Wole Balogun, Ado Ekiti
Ekiti Council of Elders, yesterday, sued for peace on the festering crisis between Governor Kayode Fayemi and the 16 Obas under the Pelupelu, over the appointment of Alawe of Ilawe Ekiti, Oba Adebanji Alabi, as chairman of the state council of traditional rulers.
The elders appealed to both Fayemi and the aggrieved monarchs to find a way of resolving through dialogue to save the state from crisis and prevent the situation from being hijacked by miscreants.
Fayemi, a couple of weeks ago, appointed Alawe, who was promoted to Pelupelu by government in 1947, as chairman of the council.
The 16 aggrieved aboriginal Pelupelu Obas kicked against the development and filed a suit against it at the Ado Ekiti High Court, saying Alawe was not eligible to chair the council, since he was promoted to the rank.
They urged the court to nullify the appointment, saying only the aboriginal Pelupelu Obas, who pioneered the council in 1887 are eligible to be chairman.
At a press conference addressed by the chairman of the council, Joseph Oluwasanmi, the elders appealed that time has come for the two warring factions to sheathe their swords and dialogue.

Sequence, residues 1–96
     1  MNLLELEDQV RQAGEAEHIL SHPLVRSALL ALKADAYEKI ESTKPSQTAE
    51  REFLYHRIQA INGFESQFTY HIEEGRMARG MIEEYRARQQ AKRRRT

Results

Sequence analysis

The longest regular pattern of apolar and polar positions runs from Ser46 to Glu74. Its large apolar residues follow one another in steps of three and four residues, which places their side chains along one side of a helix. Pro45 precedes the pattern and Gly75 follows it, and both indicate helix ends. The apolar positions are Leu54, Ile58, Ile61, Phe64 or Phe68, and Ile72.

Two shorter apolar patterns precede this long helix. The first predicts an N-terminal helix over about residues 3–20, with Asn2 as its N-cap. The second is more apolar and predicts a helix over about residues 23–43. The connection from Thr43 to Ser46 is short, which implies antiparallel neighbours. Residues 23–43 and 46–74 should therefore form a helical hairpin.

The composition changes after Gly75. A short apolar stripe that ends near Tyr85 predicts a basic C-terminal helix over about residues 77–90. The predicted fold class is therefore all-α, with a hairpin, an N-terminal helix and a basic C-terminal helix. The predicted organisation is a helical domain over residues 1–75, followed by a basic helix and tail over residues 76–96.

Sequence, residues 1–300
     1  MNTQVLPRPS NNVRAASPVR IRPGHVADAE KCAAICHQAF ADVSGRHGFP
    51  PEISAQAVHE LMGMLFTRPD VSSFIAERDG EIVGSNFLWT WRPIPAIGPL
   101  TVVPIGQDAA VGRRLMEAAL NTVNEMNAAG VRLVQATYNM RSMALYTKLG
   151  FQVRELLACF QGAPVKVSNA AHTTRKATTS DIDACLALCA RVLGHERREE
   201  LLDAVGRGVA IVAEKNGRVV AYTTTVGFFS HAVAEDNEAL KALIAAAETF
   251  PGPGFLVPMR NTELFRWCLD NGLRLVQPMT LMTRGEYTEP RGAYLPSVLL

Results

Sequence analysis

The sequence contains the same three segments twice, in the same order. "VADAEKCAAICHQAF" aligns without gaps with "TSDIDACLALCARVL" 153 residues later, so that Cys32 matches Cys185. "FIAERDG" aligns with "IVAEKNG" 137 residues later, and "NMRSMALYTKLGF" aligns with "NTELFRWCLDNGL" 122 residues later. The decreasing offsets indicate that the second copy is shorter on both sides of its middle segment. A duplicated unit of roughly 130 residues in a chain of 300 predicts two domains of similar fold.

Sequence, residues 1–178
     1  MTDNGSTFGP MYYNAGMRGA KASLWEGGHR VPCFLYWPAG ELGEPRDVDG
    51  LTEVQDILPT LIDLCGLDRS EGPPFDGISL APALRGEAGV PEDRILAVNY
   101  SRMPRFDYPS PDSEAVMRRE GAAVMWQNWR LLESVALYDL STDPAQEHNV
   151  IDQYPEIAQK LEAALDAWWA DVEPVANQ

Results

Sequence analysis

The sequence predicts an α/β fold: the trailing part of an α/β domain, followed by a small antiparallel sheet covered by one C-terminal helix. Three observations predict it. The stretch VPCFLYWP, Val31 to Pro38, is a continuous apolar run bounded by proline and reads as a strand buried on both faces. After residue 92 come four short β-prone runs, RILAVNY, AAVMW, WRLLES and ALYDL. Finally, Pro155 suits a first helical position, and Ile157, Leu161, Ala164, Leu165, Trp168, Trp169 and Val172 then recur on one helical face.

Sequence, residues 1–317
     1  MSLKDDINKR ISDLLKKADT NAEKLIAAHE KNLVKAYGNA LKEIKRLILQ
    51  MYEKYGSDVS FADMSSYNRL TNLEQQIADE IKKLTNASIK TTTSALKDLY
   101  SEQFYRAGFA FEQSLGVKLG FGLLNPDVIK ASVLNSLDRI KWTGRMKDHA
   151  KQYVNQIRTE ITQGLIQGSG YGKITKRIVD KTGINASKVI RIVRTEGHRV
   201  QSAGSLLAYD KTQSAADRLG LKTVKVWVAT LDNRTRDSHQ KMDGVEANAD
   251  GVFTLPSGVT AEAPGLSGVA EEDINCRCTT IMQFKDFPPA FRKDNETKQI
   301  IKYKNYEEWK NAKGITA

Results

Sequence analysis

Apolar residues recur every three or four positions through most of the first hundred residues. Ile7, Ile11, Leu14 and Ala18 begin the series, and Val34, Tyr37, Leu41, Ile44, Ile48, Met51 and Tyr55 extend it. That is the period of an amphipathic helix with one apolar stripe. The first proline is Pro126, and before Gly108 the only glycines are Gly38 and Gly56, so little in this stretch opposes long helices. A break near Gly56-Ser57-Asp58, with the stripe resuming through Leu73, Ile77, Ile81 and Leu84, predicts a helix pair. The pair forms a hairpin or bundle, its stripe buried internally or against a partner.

They said: “We, as senior citizens, have had the opportunity to discuss with the governor once and the Obas twice. Each side, we must admit, quoted relevant portions of documents, ancient and recent, to support the chairmanship being extended beyond the 16.
“The problem we now face is that the situation, which has assumed proportions beyond anyone’s estimation, must be brought down for Ekiti to be in peace and harmony.
“We refuse to visualise a situation whereby the government and traditional rulers are at loggerheads, a situation which can be exploited by miscreants.
“Looking back into history, we must consider ourselves lucky to have a political entity of our own, contestants from other parts of the country with huge financial muscles and influences failed to beat us to the game.
“We appeal to our royal fathers to continue to display maturity and remain fathers of all,” he said.
Lending credence to the need to shift grounds, Deji Fasuan said the two sides must be willing to dialogue.
“We are appealing to our son, Governor Fayemi, and our fathers, to be committed to peace, because we know what will happen but we don’t want it to happen.
“Ours is to stay at the middle and mediate between the two parties. Government action is not being seen as reversible, but we want to make peace,” he said.